NEW YORK – Rosanne Cash's latest honor is a medal previously awarded to Toni Morrison, Stephen Sondheim and Georgia O'Keeffe, among others.
The singer-songwriter is this year's winner of the Edward MacDowell Medal, presented by the MacDowell artist colony, which announced the prize Sunday. In a statement issued through MacDowell, Cash said she was “profoundly humbled” to receive an award that Morrison and others had been given.
“I do not place myself in any way equal, but I accept this honor with deepest gratitude, as an encouragement to do my best work, and in the service of future inspiration. My heart is full with this precious recognition," she said.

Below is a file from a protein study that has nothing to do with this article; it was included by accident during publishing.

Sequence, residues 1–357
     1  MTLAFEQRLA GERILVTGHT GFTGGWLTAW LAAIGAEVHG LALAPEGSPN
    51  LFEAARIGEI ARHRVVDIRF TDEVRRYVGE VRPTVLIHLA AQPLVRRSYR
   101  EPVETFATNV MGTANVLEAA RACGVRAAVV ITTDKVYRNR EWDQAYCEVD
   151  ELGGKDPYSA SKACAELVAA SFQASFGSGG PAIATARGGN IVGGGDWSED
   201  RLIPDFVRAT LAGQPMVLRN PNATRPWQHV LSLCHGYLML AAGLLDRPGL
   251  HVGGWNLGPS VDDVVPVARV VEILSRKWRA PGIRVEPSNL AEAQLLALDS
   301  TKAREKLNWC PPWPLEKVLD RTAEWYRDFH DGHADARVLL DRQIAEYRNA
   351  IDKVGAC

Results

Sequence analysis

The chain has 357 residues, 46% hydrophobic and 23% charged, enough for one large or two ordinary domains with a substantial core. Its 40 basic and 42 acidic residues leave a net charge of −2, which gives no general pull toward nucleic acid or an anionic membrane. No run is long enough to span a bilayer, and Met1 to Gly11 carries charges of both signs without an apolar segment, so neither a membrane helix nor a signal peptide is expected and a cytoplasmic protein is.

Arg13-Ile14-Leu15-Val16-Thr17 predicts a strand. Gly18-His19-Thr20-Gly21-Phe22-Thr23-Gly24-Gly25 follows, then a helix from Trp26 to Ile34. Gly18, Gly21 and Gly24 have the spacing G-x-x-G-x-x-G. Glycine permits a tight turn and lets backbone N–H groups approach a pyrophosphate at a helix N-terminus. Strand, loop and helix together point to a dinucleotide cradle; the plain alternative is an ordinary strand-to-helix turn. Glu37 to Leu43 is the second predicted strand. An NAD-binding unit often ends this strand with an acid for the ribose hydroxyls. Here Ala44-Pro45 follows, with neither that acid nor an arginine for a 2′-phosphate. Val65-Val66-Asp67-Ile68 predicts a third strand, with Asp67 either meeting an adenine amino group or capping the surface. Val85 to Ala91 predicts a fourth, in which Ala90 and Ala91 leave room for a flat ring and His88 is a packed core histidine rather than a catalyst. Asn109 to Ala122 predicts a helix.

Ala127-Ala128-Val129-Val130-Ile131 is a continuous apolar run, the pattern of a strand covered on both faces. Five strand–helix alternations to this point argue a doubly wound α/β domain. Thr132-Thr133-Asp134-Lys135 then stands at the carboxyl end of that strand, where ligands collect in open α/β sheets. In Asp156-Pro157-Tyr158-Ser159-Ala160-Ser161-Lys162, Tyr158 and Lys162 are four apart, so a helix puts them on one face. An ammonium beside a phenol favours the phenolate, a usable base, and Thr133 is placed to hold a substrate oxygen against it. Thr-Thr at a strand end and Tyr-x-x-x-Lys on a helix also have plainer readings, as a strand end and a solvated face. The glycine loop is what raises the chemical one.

Cash, who turns 65 later this month, has won four Grammys and is known for such albums as “Interiors,” “Seven Year Ache” and “The River and the Thread.” The award committee was chaired by the critic Greil Marcus, who in a statement cited her long history of achievements and her background as the daughter of Johnny Cash.
“From the shockingly intimate timbre of ‘Seven Year Ache’ in 1981 to the reflective darkness of ‘She Remembers Everything’ 37 years later, as a composer, singer, and someone who can, in a sense, summon ambiance, Rosanne Cash has distinguished herself from her contemporaries as she has escaped the weight of her celebrated forebears,” Marcus said.
Cash will be formally honored at the MacDowell colony, based in Peterborough, New Hampshire. The ceremony has been postponed to August 2021 because of the coronavirus pandemic.